Conway: Congress’ track record on dealing with important issues isn’t great right now. For three years, Congress has not moved on Water Resource Development Act funding or legislation. It puts our whole port infrastructure on the line as we are getting ready for the Panama Canal expansion, which brings more trade and more ships. So the House has gut it our, and the Senate is dragging its feet on taking up action. In the mean time, you have critical ports like Savannah, Charleston and the ports in Florida unable to get the funding to proceed with their dredging. The states are having to fund it instead.
Anglyn: Well there is whole issue of energy. Natural gas — and its expansion and potential for savings — is tremendous. I think that it is going to be the big benefactor for many parts of the country going forward.
Conway: One last thing I’d like to add, and this goes back to the Panama Canal expansion, as well as ecommerce, is that definition of a core industrial market is expanding and changing pretty dramatically. Ten years ago someone might not have considered Memphis as a core market for industrial. Today it is the world’s busiest air cargo market. Louisville is home to UPS. It is becoming a core market. It is these markets with modern intermodal facilities that can connect to the ports. A good example is Greenville-Spartanburg.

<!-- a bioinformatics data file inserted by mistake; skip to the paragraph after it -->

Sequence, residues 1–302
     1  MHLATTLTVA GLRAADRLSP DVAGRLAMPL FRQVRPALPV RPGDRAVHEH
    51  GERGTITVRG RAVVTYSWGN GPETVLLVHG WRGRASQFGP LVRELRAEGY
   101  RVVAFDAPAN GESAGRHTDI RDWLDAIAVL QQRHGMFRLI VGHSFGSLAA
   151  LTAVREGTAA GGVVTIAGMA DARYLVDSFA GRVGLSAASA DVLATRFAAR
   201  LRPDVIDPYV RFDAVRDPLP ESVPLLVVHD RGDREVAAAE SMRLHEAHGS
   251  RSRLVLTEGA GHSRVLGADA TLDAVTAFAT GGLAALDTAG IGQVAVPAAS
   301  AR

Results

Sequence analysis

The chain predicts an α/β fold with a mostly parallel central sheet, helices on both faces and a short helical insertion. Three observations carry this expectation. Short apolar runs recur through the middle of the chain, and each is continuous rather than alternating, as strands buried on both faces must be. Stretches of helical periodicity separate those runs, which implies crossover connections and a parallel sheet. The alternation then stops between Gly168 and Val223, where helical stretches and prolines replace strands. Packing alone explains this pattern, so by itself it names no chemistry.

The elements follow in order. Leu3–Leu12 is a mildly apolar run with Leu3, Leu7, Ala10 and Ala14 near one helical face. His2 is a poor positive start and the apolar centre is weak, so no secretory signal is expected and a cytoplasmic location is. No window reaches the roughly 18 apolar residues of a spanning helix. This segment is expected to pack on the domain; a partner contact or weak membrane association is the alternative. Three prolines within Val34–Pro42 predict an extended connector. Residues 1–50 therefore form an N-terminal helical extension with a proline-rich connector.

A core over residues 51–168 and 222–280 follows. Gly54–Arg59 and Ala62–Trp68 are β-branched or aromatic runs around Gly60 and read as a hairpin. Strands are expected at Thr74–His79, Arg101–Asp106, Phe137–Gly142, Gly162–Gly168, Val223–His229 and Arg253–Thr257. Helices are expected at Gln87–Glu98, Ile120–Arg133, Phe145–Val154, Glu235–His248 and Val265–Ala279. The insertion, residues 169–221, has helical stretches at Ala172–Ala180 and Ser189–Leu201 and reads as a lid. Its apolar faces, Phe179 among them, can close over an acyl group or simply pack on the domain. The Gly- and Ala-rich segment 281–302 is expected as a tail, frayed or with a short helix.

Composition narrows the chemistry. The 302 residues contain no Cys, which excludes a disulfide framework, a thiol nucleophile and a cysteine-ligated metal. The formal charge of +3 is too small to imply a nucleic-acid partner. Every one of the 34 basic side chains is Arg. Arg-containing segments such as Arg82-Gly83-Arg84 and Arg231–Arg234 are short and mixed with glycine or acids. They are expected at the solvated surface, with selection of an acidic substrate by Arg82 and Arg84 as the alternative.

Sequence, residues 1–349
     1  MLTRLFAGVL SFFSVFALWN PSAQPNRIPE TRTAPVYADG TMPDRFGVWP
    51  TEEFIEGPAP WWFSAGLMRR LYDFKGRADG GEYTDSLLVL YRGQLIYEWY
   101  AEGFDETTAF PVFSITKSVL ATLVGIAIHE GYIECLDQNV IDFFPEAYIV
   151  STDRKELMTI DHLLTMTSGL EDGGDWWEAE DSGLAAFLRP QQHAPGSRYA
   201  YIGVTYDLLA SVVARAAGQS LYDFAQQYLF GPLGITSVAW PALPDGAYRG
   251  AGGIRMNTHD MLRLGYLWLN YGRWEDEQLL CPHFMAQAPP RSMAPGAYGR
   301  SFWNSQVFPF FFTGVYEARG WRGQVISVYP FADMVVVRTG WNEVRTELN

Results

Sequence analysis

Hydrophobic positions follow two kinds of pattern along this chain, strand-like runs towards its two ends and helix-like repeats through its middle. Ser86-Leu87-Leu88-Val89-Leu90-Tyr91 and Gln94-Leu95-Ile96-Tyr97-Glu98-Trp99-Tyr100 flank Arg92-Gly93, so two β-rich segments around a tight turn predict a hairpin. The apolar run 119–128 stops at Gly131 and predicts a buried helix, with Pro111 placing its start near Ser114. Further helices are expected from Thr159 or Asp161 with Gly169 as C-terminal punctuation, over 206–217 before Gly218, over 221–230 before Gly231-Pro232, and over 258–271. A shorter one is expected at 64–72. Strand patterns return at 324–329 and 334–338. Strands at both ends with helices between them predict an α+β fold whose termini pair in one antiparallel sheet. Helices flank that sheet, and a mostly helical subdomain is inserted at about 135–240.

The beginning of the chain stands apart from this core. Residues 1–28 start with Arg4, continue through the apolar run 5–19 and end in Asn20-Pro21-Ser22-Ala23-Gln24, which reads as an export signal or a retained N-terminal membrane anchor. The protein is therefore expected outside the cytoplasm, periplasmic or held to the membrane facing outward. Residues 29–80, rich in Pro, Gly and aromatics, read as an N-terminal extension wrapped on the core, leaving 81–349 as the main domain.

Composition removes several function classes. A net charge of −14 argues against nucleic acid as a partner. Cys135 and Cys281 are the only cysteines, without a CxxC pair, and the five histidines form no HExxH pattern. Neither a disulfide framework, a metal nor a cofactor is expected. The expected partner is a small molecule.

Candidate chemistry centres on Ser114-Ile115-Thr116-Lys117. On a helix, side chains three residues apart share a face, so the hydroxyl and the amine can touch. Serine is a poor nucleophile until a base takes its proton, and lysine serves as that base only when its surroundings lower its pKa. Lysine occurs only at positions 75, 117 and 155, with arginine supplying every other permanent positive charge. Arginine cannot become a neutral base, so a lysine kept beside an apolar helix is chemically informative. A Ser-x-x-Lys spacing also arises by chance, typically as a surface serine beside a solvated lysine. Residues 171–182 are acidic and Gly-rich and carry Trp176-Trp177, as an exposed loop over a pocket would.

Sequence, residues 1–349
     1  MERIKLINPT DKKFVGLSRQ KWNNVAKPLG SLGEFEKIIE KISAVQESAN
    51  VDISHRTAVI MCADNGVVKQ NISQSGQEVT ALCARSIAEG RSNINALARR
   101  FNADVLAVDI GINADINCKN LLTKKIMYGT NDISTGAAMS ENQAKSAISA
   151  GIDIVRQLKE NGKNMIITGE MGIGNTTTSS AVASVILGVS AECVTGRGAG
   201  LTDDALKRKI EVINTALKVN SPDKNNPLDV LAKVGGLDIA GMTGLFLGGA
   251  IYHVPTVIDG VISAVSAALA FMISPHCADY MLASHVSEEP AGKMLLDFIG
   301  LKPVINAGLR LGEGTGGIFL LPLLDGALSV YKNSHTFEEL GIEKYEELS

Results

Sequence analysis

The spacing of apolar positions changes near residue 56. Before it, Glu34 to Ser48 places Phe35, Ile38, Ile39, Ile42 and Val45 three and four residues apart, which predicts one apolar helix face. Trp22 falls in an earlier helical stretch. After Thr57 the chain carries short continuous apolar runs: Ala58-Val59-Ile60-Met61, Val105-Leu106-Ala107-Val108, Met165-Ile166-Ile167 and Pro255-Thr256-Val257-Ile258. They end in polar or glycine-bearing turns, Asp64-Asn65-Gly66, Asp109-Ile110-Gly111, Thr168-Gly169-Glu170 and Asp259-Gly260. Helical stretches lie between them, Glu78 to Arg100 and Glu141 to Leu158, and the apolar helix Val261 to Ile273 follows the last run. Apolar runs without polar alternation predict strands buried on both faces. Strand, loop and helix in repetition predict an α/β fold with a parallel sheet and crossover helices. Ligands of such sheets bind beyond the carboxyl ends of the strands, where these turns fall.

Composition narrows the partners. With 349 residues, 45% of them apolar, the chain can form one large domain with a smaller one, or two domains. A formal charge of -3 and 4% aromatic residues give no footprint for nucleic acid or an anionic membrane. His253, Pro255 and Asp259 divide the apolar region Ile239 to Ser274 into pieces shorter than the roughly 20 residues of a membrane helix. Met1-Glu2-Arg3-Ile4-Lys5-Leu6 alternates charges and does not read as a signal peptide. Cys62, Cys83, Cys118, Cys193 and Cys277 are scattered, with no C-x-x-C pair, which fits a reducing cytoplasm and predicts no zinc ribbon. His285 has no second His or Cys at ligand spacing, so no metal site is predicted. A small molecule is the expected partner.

One of the neat things to watch over the next decade — the first post-Panamax decade — is going to be the change in the definition of what core is. The reason this is important, is that if capital doesn’t recognize the new core markets — which are today recognized as secondary markets — and starves them out of construction, we could really have a problem with fulfilling our growth and manufacturing opportunities.